Jesus also warns us about the danger of the crowd when He says: “Enter ye in at the strait gate: for wide is the gate, and broad is the way, that leadeth to destruction, and many there be which go in thereat: Because strait is the gate, and narrow is the way, which leadeth unto life, and few there be that find it.” (Matthew 7:13-14) The crowd has the idea that everybody is going to heaven. We can live as we please. The crowd has led many people to Hell because of their false notion of universal salvation.

Jesus walked upon this earth amidst many crowds, but he didn’t develop a crowd mentality. He kept His focus upon His Heavenly Father. If we are to fight the crowd mentality, we need to keep our eyes upon the Lord Jesus Christ. “Looking unto Jesus the author and finisher of our faith; who for the joy that was set before him endured the cross, despising the shame, and is set down at the right hand of the throne of God.” (Hebrews 12:3)

“Dear Lord, I feel pressure to conform to the crowd. This is not only the crowd of the world which would turn me from my faith, but also the crowd within Christianity. This crowd would have me to conform to the latest trends and the latest pronouncements of some Christian celebrity. Lord, I need you. Help me to keep my focus upon you. Help me to walk with you and not worry about what others are doing or saying. Thank you for calling each of your sheep by name. Thank you that I can have a personal walk with you. Amen”

Moving Beyond Fear to Courage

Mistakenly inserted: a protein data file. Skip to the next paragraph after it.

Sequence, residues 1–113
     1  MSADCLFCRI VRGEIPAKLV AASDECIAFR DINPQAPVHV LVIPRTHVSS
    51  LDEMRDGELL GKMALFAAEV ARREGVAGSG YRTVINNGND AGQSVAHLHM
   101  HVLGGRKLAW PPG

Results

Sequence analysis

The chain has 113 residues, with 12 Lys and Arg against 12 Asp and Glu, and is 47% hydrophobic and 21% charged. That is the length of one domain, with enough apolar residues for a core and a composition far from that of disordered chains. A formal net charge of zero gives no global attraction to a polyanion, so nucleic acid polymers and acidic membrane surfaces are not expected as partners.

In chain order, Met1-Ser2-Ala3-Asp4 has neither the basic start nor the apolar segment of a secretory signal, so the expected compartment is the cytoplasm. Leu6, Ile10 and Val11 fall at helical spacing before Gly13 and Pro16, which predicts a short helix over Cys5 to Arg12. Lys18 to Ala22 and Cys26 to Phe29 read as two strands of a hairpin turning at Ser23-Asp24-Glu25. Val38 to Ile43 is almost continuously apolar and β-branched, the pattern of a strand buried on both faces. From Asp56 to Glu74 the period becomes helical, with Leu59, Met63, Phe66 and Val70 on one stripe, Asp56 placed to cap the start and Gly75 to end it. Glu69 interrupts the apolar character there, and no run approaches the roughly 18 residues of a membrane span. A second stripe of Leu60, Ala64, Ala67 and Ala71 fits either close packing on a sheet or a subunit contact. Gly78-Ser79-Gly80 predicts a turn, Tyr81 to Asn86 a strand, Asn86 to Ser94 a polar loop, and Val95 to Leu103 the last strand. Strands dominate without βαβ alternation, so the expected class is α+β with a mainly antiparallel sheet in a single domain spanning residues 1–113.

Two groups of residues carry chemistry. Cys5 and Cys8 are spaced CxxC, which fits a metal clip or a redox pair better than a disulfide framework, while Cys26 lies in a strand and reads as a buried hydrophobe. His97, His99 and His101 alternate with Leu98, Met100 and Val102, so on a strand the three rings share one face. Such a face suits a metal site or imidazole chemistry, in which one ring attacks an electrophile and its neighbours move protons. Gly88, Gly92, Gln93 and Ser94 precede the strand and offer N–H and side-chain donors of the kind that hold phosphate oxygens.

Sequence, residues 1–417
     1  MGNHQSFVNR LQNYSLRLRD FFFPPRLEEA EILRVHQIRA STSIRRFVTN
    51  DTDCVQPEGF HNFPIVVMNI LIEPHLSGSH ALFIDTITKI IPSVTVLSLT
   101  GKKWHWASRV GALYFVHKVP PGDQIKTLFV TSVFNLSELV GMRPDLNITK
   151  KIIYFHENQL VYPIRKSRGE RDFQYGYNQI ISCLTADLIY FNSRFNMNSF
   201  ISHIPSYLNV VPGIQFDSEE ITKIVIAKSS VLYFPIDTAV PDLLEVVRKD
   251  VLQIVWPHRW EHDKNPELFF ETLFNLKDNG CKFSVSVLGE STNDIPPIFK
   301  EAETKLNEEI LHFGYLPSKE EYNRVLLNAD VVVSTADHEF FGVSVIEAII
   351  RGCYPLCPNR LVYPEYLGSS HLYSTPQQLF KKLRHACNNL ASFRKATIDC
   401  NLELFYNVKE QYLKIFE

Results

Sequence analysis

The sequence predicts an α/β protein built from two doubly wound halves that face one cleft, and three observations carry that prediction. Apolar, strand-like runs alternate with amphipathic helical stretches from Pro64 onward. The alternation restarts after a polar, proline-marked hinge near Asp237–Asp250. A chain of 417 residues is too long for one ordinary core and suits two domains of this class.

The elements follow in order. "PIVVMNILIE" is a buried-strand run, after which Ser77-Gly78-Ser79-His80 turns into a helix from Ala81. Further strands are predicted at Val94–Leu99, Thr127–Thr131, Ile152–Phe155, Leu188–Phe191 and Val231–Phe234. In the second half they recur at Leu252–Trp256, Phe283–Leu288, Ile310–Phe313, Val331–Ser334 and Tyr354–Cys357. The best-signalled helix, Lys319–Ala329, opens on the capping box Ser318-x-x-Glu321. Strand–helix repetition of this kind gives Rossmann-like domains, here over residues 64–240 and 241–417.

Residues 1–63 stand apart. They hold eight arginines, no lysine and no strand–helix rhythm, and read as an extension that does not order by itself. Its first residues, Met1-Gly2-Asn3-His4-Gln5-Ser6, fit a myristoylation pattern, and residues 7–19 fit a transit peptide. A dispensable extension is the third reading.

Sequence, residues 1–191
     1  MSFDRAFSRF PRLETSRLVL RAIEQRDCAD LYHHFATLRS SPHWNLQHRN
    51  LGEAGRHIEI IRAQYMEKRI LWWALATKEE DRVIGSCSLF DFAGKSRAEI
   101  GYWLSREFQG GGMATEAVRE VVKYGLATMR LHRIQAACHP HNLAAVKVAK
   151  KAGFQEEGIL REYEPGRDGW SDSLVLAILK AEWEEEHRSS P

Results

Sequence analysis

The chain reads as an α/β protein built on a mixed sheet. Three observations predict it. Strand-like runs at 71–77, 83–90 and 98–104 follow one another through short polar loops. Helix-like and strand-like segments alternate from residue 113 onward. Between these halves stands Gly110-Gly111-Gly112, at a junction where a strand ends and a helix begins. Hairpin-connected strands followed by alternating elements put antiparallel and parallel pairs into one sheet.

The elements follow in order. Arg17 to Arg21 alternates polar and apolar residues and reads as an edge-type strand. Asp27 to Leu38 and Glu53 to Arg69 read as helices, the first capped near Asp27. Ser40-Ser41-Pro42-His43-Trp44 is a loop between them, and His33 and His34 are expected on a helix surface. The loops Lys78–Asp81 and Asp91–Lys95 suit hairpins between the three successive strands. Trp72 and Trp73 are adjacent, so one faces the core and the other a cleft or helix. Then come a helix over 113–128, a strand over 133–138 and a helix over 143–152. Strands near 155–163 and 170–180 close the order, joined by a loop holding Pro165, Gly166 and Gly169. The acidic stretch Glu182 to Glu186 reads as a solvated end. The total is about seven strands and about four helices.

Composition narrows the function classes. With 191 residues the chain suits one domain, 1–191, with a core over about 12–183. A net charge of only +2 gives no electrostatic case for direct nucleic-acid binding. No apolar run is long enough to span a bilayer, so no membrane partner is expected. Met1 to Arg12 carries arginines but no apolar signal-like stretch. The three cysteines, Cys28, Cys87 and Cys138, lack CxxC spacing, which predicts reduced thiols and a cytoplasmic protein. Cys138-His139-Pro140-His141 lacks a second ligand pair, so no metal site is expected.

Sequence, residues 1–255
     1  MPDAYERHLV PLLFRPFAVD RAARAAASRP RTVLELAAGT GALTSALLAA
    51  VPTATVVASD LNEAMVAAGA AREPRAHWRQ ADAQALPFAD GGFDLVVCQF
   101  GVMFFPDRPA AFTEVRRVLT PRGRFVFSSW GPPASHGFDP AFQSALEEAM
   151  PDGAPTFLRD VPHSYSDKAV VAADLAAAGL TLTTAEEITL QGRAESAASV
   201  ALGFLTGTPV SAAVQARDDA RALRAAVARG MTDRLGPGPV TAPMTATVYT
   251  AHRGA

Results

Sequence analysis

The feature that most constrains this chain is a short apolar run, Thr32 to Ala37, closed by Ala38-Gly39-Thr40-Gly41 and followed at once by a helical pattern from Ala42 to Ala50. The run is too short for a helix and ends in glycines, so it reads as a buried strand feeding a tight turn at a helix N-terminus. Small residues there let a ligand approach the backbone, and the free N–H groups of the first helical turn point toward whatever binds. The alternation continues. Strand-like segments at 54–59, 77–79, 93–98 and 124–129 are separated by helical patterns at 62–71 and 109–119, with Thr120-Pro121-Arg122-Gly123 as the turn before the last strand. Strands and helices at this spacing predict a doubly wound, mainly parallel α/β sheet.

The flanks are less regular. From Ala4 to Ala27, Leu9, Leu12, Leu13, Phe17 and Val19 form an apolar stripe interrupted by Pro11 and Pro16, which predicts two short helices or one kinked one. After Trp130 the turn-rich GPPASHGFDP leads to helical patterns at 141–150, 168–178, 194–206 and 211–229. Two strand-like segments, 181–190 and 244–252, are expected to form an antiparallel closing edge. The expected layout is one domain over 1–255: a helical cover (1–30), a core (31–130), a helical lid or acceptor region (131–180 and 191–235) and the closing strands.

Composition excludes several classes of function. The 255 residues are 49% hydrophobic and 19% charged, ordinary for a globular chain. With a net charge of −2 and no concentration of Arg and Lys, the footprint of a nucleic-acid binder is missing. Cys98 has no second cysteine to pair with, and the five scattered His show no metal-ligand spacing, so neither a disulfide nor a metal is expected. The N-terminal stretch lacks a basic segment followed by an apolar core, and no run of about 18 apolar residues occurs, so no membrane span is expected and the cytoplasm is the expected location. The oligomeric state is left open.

Sleepy Hollow State Park, MIchigan- By Mark J. Booth

When fear takes its grip upon our lives, it affects our view of circumstances, of others and of the future.  Fear causes us to doubt the love of God, the presence of God, the provision of God, and even the protection of God.  Fear keeps us from doing what God has called us to do.  How can we move beyond our fears and approach life with courage?

Courage is the willingness to move forward with our lives in spite of the obstacles and dangers that we face.  The nation of Israel, including King Saul, was paralyzed by fear on account of Goliath.  His size was overwhelming.  However, David had moved beyond his fear to courage.  David didn’t see the power of Goliath. He saw the power of His God. His courage has inspired us to face life’s situations with the understanding that God is greater than anything that is happening in our life.

How Can I Move Beyond Fear to Courage?

1. Remember the presence of God.  God is with us as we travel through this life. His presence brings courage because we know that we are not alone.  If we are passing through the shadow of death. we are not alone.  If we are facing some great trial, we are not alone.  If we are facing an unknown future, we are not alone.  “Fear thou not; for I am with thee:be not dismayed; for I am thy God: I will strengthen thee; yea, I will help thee; yea, I will uphold thee with the right hand of my righteousness.” (Isaiah 41:10)